San Diego Driving Without a License Law
Driving Without a License
Vehicle Code 12500(a) VC
Vehicle Code 14601.1(a) VC
Driving without a license is not a relatively minor ordeal - it is a misdemeanor, punishable by up to six months in jail, a $1,000 fine, 3 years of formal probation, and potentially having your car impounded for 30 days (which you will have to pay to get out). The city attorney will offer "Community Court" to first time offenders - but it will require you to plead guilty to an offense which will go on your record. To learn how to get these charges dismissed, or reduced to an infraction, consult with a local San Diego criminal attorney today.
The basis for this charge is your DMV record. If the DMV record shows your license was suspended or that you did not have a valid drivers license at the time you were pulled over, you could be cited with a violation of vehicle code 12500(a) or vehicle code 14601.1(a) or BOTH. These records are easy for the city attorney to obtain and are proof-positive of the charge. The best method of contesting this as a misdemeanor is by pleading not guilty, and filing evidentiary motions to suppress the basis of the stop and/or any statements.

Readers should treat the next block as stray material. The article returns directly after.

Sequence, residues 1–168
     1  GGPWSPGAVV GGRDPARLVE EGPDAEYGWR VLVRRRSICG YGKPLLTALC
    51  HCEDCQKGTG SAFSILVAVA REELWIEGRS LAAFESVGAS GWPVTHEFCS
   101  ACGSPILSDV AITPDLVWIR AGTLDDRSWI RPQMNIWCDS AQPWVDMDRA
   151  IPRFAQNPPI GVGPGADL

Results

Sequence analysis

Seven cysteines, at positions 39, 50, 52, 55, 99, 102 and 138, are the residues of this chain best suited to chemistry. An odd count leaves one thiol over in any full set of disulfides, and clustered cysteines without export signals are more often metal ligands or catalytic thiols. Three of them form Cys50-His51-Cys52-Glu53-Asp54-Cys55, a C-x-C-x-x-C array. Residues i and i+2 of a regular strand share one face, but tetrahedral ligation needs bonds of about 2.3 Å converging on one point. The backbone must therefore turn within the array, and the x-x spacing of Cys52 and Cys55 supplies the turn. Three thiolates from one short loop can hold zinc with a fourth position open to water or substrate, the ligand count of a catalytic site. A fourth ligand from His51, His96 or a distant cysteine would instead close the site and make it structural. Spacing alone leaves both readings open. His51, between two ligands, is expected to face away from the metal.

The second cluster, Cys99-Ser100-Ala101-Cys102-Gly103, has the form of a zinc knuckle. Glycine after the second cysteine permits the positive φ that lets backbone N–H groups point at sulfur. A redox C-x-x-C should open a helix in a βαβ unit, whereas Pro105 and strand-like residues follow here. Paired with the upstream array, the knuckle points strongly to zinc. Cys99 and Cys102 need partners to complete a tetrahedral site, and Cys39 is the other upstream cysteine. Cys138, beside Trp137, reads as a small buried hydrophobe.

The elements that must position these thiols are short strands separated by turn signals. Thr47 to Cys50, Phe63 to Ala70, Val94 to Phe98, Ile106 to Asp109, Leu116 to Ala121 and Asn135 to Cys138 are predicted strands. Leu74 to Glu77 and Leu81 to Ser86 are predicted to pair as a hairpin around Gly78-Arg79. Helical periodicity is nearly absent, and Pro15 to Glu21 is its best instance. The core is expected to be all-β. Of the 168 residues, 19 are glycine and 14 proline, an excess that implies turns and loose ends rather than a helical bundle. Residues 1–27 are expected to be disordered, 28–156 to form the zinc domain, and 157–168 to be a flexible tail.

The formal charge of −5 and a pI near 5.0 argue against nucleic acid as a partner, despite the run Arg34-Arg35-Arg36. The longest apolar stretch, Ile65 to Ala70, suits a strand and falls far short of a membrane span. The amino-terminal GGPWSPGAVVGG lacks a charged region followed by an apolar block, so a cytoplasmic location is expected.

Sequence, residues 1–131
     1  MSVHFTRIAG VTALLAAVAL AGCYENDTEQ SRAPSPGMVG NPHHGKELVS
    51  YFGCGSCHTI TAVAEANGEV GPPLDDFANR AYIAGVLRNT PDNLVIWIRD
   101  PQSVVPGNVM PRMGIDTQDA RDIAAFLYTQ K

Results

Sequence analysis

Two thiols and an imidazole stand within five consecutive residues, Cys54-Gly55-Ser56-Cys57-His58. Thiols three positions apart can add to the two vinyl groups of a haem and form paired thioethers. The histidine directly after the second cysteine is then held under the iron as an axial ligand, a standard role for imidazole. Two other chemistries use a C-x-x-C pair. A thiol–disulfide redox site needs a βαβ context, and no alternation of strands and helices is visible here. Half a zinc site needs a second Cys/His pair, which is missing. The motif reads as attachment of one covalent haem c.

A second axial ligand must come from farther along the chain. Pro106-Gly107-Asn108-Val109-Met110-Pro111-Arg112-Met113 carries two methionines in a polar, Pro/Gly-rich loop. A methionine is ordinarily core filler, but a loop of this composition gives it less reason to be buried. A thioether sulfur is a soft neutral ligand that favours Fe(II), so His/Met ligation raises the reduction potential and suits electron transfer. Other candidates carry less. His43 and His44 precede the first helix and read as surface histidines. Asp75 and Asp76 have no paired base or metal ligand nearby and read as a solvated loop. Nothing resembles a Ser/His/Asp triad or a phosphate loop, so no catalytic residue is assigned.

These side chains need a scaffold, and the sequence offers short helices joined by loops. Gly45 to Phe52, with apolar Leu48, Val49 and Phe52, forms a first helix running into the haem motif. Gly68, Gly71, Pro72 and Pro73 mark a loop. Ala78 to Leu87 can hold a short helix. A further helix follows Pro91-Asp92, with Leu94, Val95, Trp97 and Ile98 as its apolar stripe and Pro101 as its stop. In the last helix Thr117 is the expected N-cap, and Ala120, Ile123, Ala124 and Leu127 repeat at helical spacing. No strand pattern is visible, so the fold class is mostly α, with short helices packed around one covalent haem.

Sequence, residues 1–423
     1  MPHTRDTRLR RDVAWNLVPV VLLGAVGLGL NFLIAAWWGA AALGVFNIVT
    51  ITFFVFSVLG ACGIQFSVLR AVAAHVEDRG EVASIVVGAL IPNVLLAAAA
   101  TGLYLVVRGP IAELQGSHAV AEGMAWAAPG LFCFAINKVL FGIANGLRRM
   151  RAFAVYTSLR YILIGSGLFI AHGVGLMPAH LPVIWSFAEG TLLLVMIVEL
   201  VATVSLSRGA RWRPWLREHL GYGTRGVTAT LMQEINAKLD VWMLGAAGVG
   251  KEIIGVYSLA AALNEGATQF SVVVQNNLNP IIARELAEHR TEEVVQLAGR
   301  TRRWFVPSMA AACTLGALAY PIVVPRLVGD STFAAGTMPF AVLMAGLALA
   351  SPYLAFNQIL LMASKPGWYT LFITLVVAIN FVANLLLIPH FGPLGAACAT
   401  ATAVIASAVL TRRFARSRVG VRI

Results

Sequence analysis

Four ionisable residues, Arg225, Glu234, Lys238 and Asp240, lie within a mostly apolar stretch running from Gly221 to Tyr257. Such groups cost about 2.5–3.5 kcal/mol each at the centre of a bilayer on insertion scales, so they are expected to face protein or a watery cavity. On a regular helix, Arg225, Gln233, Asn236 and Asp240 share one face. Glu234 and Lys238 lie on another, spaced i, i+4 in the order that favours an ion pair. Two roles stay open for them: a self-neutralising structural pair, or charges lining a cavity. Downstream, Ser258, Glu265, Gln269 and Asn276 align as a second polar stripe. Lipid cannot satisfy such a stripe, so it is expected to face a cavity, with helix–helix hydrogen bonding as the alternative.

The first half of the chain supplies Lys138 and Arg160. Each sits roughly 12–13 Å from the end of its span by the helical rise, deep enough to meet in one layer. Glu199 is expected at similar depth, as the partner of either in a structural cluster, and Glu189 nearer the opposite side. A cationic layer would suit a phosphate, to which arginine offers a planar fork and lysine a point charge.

Defenses to Driving Without a License
"I Wasn't Driving"
There's no basis for a charge of driving without a license or driving on a suspended license if you are not driving a vehicle. That means that if you are stopped with the vehicle on, but not moving, you are not technically driving.
DMV Administrative Error
Administrative errors are common. It is entirely possible that your license was wrongly suspended due to fact that the DMV is a governmental agency and mistakes occur regularly.
It's an Infraction not a Misdemeanor
While driving without a license or driving on a suspended license may be charged as a misdemeanor, the prosecutor has the discretion of charging the crime as an infraction. An infraction results in a lower fine and no work duty through Community Court.